09.14.2018  
 

Consumers Trade Up, U.S. Wine Sales Rise 3%

Cabernet illustrates trend as per-bottle prices increase, varietal remains dominant in DtC, off premise

 
by Peter Mitham
 
hertz
 
Cabernet Sauvignon wines racked up $1.6 billion in off-premise sales in the last 52 weeks and the average per bottle price for wines more than $25 increased by $1.62.

San Rafael, Calif.—Domestic wines gained ground in August, with Cabernet Sauvignon leading the way through both off-premise and direct-to-consumer channels.

U.S. wine sales totaled $3.6 billion in August, up 3% from a year earlier according to market research firm bw166, while off-premise sales through multiple-outlet and convenience stores IRI tracked approached $641 million in the four weeks ended Aug. 12, an increase of 1% versus a year ago. Consumers not only spent more in total, they also exhibited a willingness to spend more per bottle, as case volumes in the period dropped 1% to 8.1 million as sales value rose.

The top varietal in terms of all wines sold in the U.S. is Cabernet Sauvignon, which accounted for approximately $1.6 billion of the $9 billion in wine sold off-premise in the latest 52 weeks. It also highlighted the willingness of consumers to spend more for wines in the period.

A year ago, the average price for all segments of Cabernet Sauvignon sold in glass packaging at less than $25 a bottle fell. This year, all price segments $15 and up saw an increase in average bottle price. Wines at $25-plus gained $1.62 a bottle, those at $20-$24.99 gained 39 cents, and $15-$19.99 bottles gained two cents. The cheapest segment of Cabernet Sauvignon — less than $4 a bottle — even gained three cents a bottle.

Nevertheless, the middle tiers — those where the majority of sales occur — face significant pressure on prices. Approximately 56% of the varietal’s off-premise sales occur at less than $11 bottle. The single biggest portion of sales — $469 million in the latest 12 months — occur at $8-$10.99, a segment where average bottle price fell by a penny. The biggest drop, six cents, was in the $11-$14.99 range.

A similar phenomenon was seen in DtC shipments, where Cabernet Sauvignon continues to reign over its nearest competitors, Pinot Noir and red blends. Cabernet shipments represented 28% of the $2.9 billion worth of wine that Wines Vines Analytics/ShipCompliant by Sovos reported flowing DtC in the latest 12 months. The varietal’s shipment value, $814 million, was up 9% versus a year ago.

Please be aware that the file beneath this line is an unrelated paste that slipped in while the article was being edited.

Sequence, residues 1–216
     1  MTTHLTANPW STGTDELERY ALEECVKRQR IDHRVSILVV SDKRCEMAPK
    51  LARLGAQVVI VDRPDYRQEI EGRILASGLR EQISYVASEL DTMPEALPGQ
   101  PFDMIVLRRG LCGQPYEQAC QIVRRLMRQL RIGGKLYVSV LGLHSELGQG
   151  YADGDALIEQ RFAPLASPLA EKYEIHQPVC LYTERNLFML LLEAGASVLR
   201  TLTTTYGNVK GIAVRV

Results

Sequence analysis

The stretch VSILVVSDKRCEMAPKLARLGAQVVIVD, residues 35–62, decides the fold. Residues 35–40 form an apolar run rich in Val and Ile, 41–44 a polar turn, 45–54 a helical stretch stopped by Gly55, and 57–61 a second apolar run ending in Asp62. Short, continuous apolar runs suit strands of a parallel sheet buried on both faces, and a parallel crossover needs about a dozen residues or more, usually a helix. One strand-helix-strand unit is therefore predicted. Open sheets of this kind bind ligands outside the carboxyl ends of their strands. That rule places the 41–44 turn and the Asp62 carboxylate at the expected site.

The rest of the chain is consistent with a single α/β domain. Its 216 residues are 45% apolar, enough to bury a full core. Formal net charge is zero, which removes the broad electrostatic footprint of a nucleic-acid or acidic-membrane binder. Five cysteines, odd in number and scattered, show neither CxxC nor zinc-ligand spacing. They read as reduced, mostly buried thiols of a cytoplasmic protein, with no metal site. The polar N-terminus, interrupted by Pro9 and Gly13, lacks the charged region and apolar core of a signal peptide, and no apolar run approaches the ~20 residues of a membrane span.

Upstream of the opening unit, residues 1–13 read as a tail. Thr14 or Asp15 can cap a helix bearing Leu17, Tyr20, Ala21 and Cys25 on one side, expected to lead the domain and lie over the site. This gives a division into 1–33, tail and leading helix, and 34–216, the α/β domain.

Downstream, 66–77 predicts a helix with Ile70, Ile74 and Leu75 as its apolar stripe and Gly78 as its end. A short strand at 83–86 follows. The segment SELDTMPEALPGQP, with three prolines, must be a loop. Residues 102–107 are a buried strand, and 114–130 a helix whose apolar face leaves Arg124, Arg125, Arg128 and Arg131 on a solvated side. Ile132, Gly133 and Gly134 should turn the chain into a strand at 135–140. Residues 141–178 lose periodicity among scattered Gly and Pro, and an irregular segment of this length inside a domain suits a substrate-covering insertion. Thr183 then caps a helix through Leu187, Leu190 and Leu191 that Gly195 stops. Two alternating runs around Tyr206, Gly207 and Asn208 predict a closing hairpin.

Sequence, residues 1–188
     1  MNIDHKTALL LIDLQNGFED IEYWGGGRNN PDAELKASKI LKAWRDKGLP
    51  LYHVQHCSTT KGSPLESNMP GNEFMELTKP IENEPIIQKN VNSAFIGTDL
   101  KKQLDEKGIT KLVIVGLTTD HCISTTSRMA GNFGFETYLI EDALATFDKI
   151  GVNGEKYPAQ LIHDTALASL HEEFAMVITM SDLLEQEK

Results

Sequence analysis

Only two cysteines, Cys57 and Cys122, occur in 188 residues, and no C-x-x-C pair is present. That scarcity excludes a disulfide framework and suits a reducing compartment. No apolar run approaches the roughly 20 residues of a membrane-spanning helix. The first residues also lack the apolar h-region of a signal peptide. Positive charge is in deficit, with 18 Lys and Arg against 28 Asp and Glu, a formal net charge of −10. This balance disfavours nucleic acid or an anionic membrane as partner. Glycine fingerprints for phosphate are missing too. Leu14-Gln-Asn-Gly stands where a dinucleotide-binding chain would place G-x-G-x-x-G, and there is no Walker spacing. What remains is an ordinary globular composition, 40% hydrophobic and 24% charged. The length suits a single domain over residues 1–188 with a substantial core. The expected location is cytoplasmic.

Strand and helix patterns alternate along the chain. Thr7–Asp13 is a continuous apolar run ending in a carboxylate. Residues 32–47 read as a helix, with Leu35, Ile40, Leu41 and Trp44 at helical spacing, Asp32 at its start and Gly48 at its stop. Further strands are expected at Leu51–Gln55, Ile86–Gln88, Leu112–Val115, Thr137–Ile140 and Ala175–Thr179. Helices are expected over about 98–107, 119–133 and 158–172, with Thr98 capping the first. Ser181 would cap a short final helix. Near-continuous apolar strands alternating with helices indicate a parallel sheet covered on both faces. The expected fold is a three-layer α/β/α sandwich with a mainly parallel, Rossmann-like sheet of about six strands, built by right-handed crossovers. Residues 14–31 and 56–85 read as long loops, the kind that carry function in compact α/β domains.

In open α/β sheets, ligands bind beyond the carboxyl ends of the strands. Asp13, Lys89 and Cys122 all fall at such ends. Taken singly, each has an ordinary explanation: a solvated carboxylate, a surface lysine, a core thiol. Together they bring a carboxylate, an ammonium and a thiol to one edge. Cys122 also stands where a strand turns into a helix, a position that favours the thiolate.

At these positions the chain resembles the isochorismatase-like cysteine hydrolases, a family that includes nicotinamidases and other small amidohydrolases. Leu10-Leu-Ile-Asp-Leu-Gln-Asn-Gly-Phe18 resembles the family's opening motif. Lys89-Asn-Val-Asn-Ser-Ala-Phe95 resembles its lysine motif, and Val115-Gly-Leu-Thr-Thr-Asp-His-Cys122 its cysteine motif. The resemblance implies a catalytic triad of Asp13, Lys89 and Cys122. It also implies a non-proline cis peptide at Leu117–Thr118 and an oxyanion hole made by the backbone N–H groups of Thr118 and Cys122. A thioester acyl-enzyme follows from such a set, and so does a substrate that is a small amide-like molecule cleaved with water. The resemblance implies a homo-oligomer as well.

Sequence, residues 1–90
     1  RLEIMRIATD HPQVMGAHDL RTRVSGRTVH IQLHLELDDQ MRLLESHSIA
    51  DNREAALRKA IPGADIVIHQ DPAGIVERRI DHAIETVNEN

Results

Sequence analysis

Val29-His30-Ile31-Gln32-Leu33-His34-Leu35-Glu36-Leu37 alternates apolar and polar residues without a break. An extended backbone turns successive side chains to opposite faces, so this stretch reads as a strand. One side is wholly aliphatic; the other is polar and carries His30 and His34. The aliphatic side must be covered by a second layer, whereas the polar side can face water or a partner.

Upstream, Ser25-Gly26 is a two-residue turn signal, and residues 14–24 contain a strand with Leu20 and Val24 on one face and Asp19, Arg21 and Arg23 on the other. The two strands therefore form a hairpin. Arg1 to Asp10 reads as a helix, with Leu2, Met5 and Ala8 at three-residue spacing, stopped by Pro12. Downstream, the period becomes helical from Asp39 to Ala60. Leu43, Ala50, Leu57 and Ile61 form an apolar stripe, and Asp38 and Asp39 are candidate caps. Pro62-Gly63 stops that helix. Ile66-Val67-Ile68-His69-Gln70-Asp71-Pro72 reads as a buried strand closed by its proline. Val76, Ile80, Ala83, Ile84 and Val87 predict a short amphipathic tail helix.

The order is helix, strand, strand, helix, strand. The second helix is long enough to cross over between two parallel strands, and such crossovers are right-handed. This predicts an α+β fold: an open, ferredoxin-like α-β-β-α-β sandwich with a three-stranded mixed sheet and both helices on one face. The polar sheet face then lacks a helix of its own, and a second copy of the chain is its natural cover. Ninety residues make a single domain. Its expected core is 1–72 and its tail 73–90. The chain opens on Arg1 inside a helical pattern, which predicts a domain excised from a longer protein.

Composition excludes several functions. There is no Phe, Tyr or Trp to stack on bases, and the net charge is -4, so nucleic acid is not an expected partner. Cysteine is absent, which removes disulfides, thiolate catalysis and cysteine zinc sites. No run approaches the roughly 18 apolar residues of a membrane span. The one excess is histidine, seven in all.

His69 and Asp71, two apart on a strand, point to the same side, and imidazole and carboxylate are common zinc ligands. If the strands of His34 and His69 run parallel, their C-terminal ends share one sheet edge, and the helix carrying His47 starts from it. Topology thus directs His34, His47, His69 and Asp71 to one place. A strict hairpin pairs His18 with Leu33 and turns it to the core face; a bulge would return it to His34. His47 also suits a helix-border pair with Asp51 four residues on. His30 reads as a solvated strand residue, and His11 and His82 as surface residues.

The wines being shipped reflected steady demand for expensive wines, with $100-plus bottles accounting for 54% of the value of Cabernet shipments. Cabernet’s strongest growth occurred in the $20-$39.99 price band, however, with shipments rising 24% to $61 million. Shipments of bottles less than $20 also gained ground, rising 16% to $32 million and recording the largest volume of any price segment at 231,909 cases.

The broad-based growth underscored not only consumers’ embrace of the channel but the willingness to spend on wines across the price spectrum in a channel now firmly anchored by affordable wines even as $100-plus bottles headline activity.

The channel continues to enjoy steady growth, with August data showing shipment value increasing 5% from a year ago to $136 million on a volume of 343,189 cases. Average price per bottle was $33.14, down 2% versus a year ago as more affordable wines flowed through the channel.

Rising consumer spending and greater shipments combined to help lift U.S. wine sales 4% to nearly $47 billion in the latest 12 months, according to bw166. Table wines led the increase, rising 3% versus a 2% increase in sparkling wines. All told, wine sales in the U.S. totaled $70 billion in the latest 12 months, an increase of 6% from a year ago. Domestic wines, including bulk imports, led the growth, adding $1.9 billion in sales over the period versus an additional $1.8 billion in sales of packaged imports. While growth in packaged imports continues to outpace that of domestic wines, this was the first month since October 2017 that the increase in domestic wine sales also meant stronger growth in real dollar terms.
While the wine kept flowing, hiring activity in the industry was flat in August.

Winejobs.com’s Winery Job Index was flat at 294. While demand for vineyard workers increased 80% as harvest approached, sales and marketing positions saw demand weaken 31% while finance hiring fell 30%. However, demand for general administration staff increased 54% while demand for direct-to-consumer positions, including tasting room and retail staff, increased 4%.

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